Repeating training can also be helpful in a layering your technical ability and understanding of an approach or idea being taught. An obvious example is the Kekko technique taught in the Shoden course, the first time of learning is about getting the sequence and process remembered. Only at a second time of coaching can you refine the finer points of the technique.

What you also tend to find with attending different courses is there will be new people learning, so the questions and answers tend to be different each class. The mix of beginners, western trained students and professional practitioners is commonly different. Repeating Reiki training courses is also a great way to receive multiple Reiju’s, with five delivered in all over the two courses.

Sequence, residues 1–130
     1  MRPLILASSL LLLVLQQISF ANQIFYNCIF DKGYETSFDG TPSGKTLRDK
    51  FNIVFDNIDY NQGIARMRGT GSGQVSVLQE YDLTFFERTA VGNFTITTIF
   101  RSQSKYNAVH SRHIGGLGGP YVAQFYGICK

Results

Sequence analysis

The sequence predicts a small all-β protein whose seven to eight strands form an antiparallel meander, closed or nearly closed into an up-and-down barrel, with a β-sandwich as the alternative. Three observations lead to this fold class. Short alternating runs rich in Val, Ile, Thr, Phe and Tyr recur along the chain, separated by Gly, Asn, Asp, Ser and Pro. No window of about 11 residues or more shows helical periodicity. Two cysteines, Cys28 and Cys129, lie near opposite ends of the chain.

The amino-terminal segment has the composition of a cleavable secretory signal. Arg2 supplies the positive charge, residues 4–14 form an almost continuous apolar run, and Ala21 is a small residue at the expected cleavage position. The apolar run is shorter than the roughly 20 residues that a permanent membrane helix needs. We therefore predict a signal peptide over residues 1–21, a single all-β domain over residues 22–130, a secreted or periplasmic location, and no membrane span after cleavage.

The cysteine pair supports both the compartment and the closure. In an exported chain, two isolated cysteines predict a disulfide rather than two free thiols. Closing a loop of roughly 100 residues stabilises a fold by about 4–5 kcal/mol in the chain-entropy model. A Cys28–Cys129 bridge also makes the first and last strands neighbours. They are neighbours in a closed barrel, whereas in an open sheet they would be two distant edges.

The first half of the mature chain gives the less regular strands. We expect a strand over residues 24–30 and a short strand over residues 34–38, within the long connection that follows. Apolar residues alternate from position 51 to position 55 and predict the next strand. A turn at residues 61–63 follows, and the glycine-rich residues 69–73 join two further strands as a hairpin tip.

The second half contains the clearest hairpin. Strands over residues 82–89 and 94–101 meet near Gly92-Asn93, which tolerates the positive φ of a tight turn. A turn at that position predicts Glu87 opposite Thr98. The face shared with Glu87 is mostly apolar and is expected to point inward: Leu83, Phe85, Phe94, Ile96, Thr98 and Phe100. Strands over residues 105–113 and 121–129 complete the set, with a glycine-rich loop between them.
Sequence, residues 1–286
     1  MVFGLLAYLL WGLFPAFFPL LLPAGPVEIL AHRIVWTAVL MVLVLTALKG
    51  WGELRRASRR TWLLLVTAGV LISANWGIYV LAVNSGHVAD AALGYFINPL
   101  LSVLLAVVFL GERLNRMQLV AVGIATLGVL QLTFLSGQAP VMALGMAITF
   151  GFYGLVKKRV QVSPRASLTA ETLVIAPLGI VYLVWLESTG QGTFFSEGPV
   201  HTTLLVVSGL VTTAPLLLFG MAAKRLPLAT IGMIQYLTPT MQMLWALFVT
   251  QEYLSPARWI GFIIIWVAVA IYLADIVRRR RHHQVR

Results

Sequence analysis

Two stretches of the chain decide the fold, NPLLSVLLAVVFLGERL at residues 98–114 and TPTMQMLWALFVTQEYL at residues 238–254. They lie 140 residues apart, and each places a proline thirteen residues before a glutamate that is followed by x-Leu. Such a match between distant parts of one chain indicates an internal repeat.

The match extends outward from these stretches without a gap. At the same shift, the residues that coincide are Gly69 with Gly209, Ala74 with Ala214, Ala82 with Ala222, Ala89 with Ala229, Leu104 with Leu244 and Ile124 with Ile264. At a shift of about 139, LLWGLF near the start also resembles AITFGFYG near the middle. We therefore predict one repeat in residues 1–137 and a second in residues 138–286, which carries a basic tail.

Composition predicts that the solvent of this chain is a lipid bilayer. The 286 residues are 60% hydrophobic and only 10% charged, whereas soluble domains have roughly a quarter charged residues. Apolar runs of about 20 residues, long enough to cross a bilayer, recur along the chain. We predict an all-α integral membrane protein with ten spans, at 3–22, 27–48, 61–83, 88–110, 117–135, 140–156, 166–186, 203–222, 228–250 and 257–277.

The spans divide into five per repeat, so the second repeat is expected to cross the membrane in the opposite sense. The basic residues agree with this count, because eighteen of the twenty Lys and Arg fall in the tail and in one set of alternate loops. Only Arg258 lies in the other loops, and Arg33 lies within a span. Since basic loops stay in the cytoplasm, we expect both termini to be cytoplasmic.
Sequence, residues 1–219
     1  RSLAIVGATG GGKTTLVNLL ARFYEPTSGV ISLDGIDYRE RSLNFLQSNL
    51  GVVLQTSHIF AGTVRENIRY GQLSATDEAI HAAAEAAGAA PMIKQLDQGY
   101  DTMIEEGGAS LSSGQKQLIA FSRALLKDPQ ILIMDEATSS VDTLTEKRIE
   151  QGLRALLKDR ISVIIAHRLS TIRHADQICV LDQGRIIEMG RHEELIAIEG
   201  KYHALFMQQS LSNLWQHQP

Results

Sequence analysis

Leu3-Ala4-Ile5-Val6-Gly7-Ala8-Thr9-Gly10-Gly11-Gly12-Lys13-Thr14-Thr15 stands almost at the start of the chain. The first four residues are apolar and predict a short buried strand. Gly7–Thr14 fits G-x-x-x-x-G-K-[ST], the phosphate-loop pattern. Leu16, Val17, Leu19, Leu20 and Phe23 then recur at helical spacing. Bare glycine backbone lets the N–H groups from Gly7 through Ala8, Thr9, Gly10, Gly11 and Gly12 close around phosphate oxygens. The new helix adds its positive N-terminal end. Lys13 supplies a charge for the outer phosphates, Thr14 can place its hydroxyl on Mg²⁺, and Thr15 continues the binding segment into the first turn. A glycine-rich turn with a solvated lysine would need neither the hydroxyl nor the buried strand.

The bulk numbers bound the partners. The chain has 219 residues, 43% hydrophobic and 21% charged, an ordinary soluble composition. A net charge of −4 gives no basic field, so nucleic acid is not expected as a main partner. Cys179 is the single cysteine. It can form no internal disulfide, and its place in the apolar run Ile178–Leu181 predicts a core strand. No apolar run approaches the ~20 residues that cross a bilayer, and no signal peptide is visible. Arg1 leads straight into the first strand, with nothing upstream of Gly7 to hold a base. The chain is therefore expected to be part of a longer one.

The general advice and my observation is that most find taking Reiki training the first time best with a Jikiden Reiki teacher in a smaller group, where personal attention and coaching is at its greatest. Most of us teach groups up to 6 or so. My advice is if you would like to repeat training that the most value of repeating training is gained when repeating is done maybe 6 or 12 months after first learning Reiki, after you have had a period of practice of what was taught. In most circumstances I would recommend the first repeat is with the teacher you learnt from the first time, as they will be best placed to fill in any gaps in understanding from your previous training with them.